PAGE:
10. Dunguaire Castle
Situated on the banks of Donegal Bay, the charming castle dates back to the early sixteenth century when it was constructed by the O’Hynes clan. The castle has been used for film sets in the past and has been visited by actors including Kurt Russell, Roger Moore and W. B. Yeats who used it as a meeting point for the literary revivalists.
Dunguaire Castle is open to the public on a guided tour and visitors can explore the castle’s fascinating history on their own or take part in a four-course medieval banquet.
11. Lough Corrib
Lough Corrib, a lake situated in the western part of Ireland, covers an area of 69 square miles. It is a popular destination for anglers, particularly those seeking wild trout and salmon. Over the centuries, the lake has been a source of inspiration for many writers and artists, including Oscar Wilde’s father, the historian William Wilde, who wrote a book about the lake.
In addition to its natural beauty and its fishing opportunities, the lake is also a special area of conservation due to its recent historical discoveries, including dugout canoes from the Bronze Age and Viking battle axes from the 10th century. Additionally, the lake is a stopover on the Connemara Tour from Galway City and is the location of several fishing tours.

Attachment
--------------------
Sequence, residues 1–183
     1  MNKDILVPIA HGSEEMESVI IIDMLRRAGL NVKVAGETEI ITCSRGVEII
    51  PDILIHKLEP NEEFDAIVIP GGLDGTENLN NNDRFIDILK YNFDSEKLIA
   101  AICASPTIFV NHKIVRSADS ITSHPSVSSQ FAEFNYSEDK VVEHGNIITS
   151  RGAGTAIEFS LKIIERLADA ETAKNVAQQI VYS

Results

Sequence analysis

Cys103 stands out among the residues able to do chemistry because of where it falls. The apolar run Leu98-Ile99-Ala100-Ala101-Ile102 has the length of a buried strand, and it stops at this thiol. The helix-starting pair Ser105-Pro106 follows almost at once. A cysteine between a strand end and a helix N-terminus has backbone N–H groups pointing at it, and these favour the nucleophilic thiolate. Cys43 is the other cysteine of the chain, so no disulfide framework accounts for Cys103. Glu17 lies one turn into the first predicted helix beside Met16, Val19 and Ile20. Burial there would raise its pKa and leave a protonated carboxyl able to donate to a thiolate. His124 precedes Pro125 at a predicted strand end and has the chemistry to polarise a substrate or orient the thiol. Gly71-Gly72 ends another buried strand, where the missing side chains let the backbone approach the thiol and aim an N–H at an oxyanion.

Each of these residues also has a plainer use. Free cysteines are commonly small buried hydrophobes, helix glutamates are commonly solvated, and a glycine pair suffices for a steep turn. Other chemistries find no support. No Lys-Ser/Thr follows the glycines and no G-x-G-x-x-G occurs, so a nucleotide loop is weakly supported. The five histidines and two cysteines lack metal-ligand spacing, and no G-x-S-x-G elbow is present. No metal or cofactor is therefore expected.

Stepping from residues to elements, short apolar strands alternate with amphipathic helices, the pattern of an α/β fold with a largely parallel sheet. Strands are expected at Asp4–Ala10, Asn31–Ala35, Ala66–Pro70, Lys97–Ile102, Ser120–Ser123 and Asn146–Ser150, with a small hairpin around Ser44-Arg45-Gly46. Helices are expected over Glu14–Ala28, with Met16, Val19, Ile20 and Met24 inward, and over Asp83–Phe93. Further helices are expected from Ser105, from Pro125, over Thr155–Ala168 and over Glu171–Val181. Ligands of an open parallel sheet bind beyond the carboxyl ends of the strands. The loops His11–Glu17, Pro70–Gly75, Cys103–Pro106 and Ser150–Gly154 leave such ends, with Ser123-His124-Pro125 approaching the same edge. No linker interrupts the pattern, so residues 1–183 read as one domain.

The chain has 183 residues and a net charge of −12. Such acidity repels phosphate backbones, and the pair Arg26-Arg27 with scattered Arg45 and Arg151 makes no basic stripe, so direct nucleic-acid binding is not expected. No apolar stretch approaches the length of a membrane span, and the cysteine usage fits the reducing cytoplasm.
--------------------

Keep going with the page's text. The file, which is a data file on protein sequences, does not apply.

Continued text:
To sum up, Galway is a magical city with a rich history, culture and natural beauty. Whether you’re a history lover, nature enthusiast or simply looking for an adventure, Galway has something for everyone. From the bustling city streets to the stunning coastal scenery, there’s something for everyone in Galway.
So, now that you know everything there is to know about Galway, it’s time to start planning your own adventure. Take a stroll through the winding streets, listen to the traditional Irish music, sample the local cuisine, and soak up the cultural heritage of this enchanting city.
Don’t hesitate to reach out to us with your experiences and recommendations, we’d love to hear from you. Galway is calling, so don’t miss out!